European Fiscal Policy: growth and employment potential

, by Harald Stieber

European Fiscal Policy: growth and employment potential

The current policy framework for discussing economic growth in the EU is the so called Lisbon Agenda. Having been a letter to Santa during its first 5 years - from 2000 to 2004 - where every politician put into objectives what nobody could ever reject (growth, employment, education, social cohesion, etc.) and after having been an almost complete failure as a consequence, the revived Lisbon process has become a more serious discussion at last.

It seems that member states, facing 19 million unemployed in Europe, are now willing to really pull up the sleeves, design specific policies and monitor their implementation.

So, if we have got Lisbon working, is there still a role for European fiscal policies? Fiscal policy plays an important role in member states when it comes to protecting the economy from external shocks. An external shock can be a sharp slowdown in demand for the economy’s products causing a sharp reduction in income with negative repercussions on employment, consumption, investment and, at the end of the day, standards of living. Fiscal policy via the tax system can cushion the economy to some extent against such shocks. Especially if the tax system exhibits progressive taxes on income, a reduction in income will automatically lead to a lower tax burden (due to this automatism, economists talk about automatic stabilisers). Facing lower marginal tax rates workers and employees will increase their supply of labour which in return, provided the economy allows some downward flexibility, will push down effective hourly wages thus increasing the competitiveness of the economy and thereby helping it to raise new demand for its products. Again, this currently takes place on the level of member states. But even if labour markets and wages are fully flexible, sometimes automatic stabilisers are just not enough. There is a clear case for additional fiscal stimulus [1] in the face of large shocks such as the burst of the dot.com bubble in the year 2000.

Comparing US and EU fiscal policies

To see what a single coherent European federal fiscal policy response could look like, take the example of the U.S. After 2000, not only did the U.S. let automatic stabilisers work fully, they complemented them with an impressive fiscal policy impulse. Taxes on income were lowered and public expenditures were raised substantially. Taken together, the fiscal policy stimulus amounted to 1.7% of GDP in the U.S. compared to 0.7% of GDP in the Eurozone. Not too dramatic if this had been the end of the story and both economies had started creating jobs again the year after. But this was not the case. In 2002, the difference in fiscal policy action became shocking: The U.S. provided their economy with an extra 3.4% of GDP of fiscal stimulus, the Eurozone coughed up a meagre 0.5% of GDP. At the same time U.S. monetary policy was more expansionary as well, but the difference to European monetary policy was less compelling and we will not dig further into that. In year 3 after the shock, U.S. fiscal policy remained expansive providing another 1.1% of GDP of fiscal stimulus.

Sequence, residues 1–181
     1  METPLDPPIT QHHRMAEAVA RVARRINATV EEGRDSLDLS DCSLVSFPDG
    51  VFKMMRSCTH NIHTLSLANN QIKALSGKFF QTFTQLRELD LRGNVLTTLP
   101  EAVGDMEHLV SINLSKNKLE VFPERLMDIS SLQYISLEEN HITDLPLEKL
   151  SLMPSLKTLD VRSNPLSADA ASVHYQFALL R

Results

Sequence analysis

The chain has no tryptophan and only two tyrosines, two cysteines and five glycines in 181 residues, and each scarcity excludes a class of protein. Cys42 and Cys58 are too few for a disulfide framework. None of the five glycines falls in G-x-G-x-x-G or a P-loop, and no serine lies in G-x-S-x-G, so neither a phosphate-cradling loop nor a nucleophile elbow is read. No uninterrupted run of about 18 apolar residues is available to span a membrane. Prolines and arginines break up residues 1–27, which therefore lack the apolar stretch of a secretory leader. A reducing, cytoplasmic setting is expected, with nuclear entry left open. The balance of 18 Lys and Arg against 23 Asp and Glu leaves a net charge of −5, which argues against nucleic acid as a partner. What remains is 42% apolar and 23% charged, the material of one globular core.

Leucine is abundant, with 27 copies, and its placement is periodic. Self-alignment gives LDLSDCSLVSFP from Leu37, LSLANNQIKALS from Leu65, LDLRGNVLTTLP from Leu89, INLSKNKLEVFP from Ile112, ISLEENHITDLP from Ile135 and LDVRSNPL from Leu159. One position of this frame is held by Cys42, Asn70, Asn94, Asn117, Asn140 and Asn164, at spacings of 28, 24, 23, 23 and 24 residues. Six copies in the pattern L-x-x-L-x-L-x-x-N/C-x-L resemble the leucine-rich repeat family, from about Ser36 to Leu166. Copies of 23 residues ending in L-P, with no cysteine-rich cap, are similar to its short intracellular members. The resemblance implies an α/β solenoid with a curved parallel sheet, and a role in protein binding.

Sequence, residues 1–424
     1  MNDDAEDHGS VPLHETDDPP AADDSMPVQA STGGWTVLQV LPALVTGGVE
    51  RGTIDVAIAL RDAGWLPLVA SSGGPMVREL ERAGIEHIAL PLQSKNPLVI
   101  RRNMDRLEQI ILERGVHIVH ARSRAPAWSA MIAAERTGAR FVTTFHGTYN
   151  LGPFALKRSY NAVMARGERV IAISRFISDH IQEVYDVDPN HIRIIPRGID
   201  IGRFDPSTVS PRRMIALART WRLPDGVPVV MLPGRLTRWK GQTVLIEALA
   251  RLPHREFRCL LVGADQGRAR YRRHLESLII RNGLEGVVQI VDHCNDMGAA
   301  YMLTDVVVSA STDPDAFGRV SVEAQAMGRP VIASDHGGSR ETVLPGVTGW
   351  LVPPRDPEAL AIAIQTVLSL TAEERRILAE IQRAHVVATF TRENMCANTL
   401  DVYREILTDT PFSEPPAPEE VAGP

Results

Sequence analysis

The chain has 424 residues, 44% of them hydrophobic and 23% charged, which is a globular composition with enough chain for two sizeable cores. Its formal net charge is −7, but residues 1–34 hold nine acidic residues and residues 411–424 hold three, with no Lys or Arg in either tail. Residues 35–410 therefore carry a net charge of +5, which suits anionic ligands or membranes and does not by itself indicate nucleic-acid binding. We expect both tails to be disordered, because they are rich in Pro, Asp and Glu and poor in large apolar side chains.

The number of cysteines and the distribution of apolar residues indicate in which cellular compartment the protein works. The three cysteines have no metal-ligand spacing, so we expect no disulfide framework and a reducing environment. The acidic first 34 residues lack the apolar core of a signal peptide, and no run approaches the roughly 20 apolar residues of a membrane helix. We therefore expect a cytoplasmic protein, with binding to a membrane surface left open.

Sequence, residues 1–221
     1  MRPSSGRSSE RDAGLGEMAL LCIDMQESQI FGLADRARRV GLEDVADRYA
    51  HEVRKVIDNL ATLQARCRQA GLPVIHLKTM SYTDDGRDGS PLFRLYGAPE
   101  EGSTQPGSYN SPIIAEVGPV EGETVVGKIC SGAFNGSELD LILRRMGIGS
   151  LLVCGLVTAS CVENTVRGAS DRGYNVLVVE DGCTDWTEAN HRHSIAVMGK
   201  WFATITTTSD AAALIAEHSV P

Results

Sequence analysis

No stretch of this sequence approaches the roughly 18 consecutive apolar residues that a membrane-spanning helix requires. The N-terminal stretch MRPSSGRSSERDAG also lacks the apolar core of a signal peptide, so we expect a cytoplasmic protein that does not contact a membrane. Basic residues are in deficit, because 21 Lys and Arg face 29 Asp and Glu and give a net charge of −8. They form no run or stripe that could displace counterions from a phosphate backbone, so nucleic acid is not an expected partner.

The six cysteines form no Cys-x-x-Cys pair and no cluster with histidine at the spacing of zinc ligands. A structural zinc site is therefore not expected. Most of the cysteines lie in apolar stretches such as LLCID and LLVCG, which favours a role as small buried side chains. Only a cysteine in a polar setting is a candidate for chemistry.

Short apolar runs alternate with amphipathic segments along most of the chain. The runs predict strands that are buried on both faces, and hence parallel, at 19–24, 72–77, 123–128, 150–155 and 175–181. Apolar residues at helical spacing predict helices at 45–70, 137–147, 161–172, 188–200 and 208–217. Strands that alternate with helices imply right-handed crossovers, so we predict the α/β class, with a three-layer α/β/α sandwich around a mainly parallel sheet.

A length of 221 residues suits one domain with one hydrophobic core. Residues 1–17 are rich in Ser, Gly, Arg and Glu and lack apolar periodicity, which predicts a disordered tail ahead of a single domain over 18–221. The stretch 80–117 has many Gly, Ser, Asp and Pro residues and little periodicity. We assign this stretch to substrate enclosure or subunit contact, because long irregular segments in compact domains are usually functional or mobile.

...supremacy of fiscal policy on the federal level of the Union cannot be rivalled by Lisbon Agendas.

On the other side of the Atlantic, fiscal policy in the Eurozone was back to neutral - and European unemployment kept rising. Hopefully, this real life episode of economic policy making drives home the message to our top politicians, that supremacy of fiscal policy on the federal level of the Union cannot be rivalled by Lisbon Agendas. It can only be achieved via an effective European federal economic government and a European federal tax authority. For such a European federal economic government it would be sufficient to dispose of some 3% of the Union’s GDP to provide the Union with similar economic impulses if necessary in the face of a severe economic downturn. This is not much compared to public sectors sucking in 50% of GDP or more in European member states. Compared to today’s situation however, it means asking to give the Union 4 times the economic resources it currently has assuming (realistically) that all the current expenditure programmes stay in place and the additional 3% of GDP would come on top of that.

Conclusion

Concluding, let us go back to where we started. European federalists are sometimes accused to be in favour of strong centralist governments or even worse strong centralist bureaucracies. Of course, asking for a quadrupling of the European budget very much looks like that. But 4% of GDP is very much the upper limit of a useful European budget. One could add another 1% of GDP or so to provide for a common European army, but that is it. Furthermore, it is crucial to underscore the fact that such a 5% of GDP European budget would not necessarily translate into higher taxes for European citizens. Quite to the contrary, it could give room to somewhat lower taxes across Europe due to economies of scale. So the floor is open. In my view, federalists should be ready to offer constitutionally fixed limits to the size of the European budget if that is the prize for getting what is absolutely necessary.

Once we have effective European (fiscal) stabilization policies in place, we can go back to sweating the small stuff such as Lisbon agendas and stability pacts.

Footnotes

[1The fiscal policy impulse is computed as the change in the primary balance adjusted for the cyclical component expressed as a percentage of potential GDP. Data was taken from DG Ecfin’s AMECO database

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